If Together is All That We’ve Got
Episode 18 – November 4, 2018
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Updates on the East Gwillimbury-Whitchurch Stouffville election for English Public School Board trustee:
The Sun Harmonic – “Rivers will Rise”
Christa Couture – “Aux Oiseaux”
Reading No. 1
Read by Bri-anne, on the streets of Queensville, East Gwillimbury, Ontario
Reading No. 2
As I’ve mentioned more than a few times before, I am a mama to two, very adorable (if I do say so myself) little boys. Most of the time, I really like their company. But sometimes…sometimes a mama just needs to be by herself, ya know? A few years ago, when I was about 10 months pregnant with my second child, my husband came home from work and I very quickly handed him my then two-year-old so that I could have a moment…just one moment…before we all sat down together for dinner. We lived in a very tiny apartment in Toronto, so the only place one could really be alone was the bathroom. I ran a tub. I got the Epsom salts. I sank into the water and closed my eyes. 10 minutes. Just 10 minutes was all I needed.
But then…the creeeeeeeeeaaakkkkk…. The sound of tiny feet. And that feeling of, “If I don’t see it…if I don’t open my eyes, maybe this isn’t happening…”
But of course, that tiny voice…
“Don’t worry, Mama. It’s okay. I found you.” As if he were doing me a great service. As if I had been lost…
Where you go, I will go…
Our readings from today can kinda be found on the Greatest Hits album of scripture. If you are somebody who has spent much time in church, the story of Ruth and Naomi is likely one that is familiar to you. This particular passage is also frequently used at Christian and Jewish weddings. In fact, the words Ruth speaks to Naomi are the closest thing in the bible to what many modern wedding vows look like. “Through sickness and in health…til death do us part…”
There are a couple of things that are helpful to keep in mind as we wind our way through this story which we will be exploring over the course of two weeks.
The first: It is likely that the intended audience would have immediately understood this story as a parable, and not historical. Each of the names here serves a narrative function, from Elimelech (loosely, My God is King) to Naomi (“pleasing”) and their son Mahlon (“sickness”) and Kilion (“wasting”). All the men die – and we’re not told how. It’s not really important. But what we’re left with is a drama, initially set up as a story framed around men, quickly becoming a story set up around two women. Take notice folks – there are only two books in the Bible named after a woman, and this is one of them.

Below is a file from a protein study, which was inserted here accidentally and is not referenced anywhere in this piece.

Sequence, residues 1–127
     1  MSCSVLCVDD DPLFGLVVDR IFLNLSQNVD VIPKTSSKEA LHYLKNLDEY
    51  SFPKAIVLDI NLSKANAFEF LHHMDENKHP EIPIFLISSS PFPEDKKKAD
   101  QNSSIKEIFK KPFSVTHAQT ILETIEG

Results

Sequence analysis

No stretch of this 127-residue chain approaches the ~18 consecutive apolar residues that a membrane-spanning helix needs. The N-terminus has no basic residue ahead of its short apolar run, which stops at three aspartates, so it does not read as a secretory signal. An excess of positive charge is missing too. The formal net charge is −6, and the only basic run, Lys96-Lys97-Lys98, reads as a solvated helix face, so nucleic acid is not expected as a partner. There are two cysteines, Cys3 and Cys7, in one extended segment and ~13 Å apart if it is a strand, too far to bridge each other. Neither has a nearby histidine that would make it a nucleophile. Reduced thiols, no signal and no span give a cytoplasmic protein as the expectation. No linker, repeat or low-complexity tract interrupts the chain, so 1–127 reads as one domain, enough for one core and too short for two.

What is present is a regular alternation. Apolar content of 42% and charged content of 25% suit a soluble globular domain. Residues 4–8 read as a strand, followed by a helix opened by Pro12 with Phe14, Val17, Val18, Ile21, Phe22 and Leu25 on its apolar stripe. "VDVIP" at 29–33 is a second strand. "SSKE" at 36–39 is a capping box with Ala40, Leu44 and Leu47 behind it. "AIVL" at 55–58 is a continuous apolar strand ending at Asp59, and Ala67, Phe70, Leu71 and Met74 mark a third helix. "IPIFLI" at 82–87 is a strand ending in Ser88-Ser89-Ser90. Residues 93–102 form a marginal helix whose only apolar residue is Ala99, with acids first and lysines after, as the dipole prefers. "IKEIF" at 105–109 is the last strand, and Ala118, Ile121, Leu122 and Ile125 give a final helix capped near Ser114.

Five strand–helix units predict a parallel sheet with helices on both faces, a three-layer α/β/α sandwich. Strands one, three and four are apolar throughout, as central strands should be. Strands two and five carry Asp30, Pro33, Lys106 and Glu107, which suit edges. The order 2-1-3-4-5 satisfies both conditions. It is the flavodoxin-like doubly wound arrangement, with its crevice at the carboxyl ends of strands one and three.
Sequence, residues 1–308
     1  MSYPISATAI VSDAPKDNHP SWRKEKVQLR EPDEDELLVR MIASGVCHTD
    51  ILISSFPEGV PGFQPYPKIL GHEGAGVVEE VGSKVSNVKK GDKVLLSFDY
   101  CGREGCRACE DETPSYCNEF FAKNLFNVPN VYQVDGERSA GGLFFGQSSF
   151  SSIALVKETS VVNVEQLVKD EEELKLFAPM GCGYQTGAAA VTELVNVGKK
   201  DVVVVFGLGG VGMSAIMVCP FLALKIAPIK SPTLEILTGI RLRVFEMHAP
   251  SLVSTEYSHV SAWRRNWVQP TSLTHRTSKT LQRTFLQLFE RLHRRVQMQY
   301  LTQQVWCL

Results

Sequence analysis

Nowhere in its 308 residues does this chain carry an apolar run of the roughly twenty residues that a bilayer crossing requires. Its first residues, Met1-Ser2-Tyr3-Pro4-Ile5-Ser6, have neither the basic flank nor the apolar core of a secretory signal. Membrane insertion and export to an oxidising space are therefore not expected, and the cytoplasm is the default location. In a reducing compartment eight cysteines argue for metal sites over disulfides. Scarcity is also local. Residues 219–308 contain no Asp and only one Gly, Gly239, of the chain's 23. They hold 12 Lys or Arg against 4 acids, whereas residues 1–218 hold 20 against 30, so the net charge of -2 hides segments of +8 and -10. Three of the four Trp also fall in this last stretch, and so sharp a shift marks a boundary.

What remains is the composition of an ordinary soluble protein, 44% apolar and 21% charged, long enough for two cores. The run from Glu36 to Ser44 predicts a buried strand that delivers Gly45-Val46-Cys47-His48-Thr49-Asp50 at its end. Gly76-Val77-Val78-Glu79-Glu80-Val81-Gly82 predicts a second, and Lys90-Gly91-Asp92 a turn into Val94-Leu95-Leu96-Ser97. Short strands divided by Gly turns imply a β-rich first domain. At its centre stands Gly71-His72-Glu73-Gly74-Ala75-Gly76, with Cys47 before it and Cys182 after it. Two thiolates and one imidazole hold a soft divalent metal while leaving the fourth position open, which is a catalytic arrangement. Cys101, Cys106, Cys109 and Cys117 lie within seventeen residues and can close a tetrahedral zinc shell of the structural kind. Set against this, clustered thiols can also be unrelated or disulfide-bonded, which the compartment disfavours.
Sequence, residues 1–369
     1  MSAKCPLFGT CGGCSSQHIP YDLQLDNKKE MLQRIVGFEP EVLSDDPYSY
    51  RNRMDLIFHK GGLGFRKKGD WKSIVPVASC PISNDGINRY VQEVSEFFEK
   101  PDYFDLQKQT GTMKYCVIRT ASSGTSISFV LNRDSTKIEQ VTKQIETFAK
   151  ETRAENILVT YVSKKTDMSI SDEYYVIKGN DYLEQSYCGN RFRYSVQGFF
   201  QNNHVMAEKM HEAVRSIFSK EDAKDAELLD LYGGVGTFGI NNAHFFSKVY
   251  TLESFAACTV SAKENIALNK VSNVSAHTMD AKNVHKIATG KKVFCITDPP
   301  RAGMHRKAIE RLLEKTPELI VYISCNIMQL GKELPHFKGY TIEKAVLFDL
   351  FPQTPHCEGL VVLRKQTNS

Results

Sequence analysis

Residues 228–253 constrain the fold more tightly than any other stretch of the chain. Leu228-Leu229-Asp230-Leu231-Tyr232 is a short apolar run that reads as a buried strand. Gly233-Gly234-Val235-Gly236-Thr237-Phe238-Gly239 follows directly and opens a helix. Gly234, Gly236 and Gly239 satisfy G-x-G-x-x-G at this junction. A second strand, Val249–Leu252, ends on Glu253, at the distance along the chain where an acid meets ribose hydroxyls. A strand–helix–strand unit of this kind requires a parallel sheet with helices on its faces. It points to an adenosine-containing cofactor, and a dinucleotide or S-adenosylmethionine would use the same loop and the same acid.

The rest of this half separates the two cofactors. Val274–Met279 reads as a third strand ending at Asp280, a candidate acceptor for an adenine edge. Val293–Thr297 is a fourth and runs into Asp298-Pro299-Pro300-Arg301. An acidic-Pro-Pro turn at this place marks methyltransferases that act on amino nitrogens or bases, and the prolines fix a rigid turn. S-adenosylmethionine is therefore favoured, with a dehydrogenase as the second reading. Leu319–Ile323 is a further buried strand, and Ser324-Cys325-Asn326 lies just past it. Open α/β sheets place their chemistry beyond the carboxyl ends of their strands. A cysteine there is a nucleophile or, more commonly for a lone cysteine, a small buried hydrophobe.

Over the centuries, this story has come to mean many different things for many different peoples. It is both one of the joys – and one of the frustrations of scripture – there is usually something that speaks to everybody, in many different ways. I have heard this story used to highlight the plight of refugees attempting to find acceptance in Canada. I’ve heard this passage used to espouse the ideals of loyalty, and duty to family still expected of women in some Christian congregations. And this passage is also emphasized within various queer Christian communities. As I mentioned earlier, this passage has been read at weddings – mostly heterosexual weddings – for ages, so I find this perspective and understanding especially delicious. It deserves some time to explore and I promise we will be doing that next week, as we move through the rest of Ruth and Naomi’s story because our reading from today – it is only the tip of the iceberg of a much more complex story.
So, we have all these different angles through which to hear this parable, but the piece that has always jumped out at me is that by the end of this chapter, these two women are completely enmeshed with one another – their destinies are tied.
Where you lodge, I shall lodge, your people shall be my people, where you die, I will die and there I will be buried.